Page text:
The Greens were the only party in Parliament to oppose a bill that will extend how long bars will be able to stay open for, to show Rugby World Cup games.
Despite the Greens opposition, the bill passed into law this evening with 112 votes to eight.
National, Labour, NZ First, Act and independent MP Jami-Lee Ross all supported the bill.
A spokesman for the Greens said the party had not seen any evidence that the bill is necessary.
"Given the special licensing provisions already available in the Act which allow premises to apply for extended hours, and the fact that premises can also remain open without serving alcohol, we don't see the need for these changes."
Speaking to the bill Greens co-leader Marama Davidson called the bill a "gift" to the alcohol industry.
Green MP Jan Jogie said the bill was linking alcohol with rugby which sends the wrong message to New Zealanders when the country already has issues with alcohol being abused.
Usually when a bill passes its first reading, it goes into a select committee before heading back to the House before two more readings.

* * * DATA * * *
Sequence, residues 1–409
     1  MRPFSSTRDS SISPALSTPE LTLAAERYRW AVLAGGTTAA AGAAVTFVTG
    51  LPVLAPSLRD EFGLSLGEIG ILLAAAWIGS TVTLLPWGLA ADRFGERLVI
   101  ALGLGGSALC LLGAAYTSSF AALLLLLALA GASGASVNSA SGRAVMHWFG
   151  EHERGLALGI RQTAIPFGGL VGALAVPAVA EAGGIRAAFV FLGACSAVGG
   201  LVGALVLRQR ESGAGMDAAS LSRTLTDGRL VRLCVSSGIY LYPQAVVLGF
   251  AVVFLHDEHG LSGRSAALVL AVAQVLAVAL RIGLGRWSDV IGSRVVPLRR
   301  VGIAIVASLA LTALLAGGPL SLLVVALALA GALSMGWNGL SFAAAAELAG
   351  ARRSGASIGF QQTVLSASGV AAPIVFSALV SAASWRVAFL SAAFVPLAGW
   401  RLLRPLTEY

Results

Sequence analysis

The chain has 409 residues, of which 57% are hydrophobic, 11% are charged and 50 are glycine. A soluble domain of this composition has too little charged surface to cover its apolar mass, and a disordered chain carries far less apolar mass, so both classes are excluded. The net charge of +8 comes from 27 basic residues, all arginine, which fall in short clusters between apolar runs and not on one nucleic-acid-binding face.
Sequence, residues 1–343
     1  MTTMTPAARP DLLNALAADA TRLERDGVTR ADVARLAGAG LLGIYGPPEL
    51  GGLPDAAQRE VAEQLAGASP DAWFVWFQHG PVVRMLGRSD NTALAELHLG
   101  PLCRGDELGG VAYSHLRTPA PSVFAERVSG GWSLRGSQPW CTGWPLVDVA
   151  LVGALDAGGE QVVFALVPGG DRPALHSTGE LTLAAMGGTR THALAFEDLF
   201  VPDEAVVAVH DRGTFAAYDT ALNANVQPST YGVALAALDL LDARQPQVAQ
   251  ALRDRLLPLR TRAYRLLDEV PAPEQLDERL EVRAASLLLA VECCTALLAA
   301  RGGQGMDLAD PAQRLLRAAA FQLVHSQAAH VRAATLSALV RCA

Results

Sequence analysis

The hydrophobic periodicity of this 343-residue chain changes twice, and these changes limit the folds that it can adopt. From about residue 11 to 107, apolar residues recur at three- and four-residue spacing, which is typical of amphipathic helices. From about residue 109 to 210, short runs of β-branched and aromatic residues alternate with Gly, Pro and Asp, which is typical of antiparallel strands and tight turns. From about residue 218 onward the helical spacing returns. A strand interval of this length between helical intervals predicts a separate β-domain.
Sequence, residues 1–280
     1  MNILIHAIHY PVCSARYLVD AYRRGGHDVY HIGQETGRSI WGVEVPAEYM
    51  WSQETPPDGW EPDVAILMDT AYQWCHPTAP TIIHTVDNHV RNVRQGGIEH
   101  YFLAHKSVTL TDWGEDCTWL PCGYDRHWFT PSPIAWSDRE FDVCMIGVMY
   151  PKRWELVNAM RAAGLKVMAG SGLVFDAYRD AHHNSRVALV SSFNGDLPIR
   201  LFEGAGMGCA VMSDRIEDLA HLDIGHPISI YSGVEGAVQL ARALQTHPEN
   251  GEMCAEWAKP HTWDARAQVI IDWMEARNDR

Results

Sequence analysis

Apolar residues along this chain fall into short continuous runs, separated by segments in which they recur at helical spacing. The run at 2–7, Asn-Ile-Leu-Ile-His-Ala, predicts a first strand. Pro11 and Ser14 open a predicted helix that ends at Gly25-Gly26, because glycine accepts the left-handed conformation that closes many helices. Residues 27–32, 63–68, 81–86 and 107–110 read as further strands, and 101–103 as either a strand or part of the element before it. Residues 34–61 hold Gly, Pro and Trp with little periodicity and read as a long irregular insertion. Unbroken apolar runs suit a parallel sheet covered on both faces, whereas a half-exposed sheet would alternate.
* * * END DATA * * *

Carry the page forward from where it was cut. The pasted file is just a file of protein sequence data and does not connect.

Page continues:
However, as this bill needed to be passed urgently before the World Cup begins, it was rushed through Parliament tonight.
The only debate of the bill was during its second reading.
On Monday, Prime Minister Jacinda Ardern confirmed that Cabinet had given the green light to the extension of bars opening hours during the Rugby World Cup.
The Government introduced the legislation to Parliament this afternoon.
When made law, it will mean licensed premises, such as bars, will be able to show World Cup games outside their usual trading hours.
"The Bill needs to be enacted by September 10 because licensees will need to give at least seven days' notice to their council and police if they are going to extend their trading hours," Ardern told media at post-cab on Monday.
"The changes will apply until the final, where I hope, of course, as a nation, we will be joining together to watch our All Blacks."
The bill is very similar to the Sale and Supply of Alcohol Act passed through Parliament in 2015 when the World Cup was in the UK and there was an 11 hour time difference.
Japan, however, is only three hours behind New Zealand – or four once daylight savings begins at the end of September, Ardern said.
"So, fewer premises will need to take advantage of the changes. But those that choose to will now be able to open."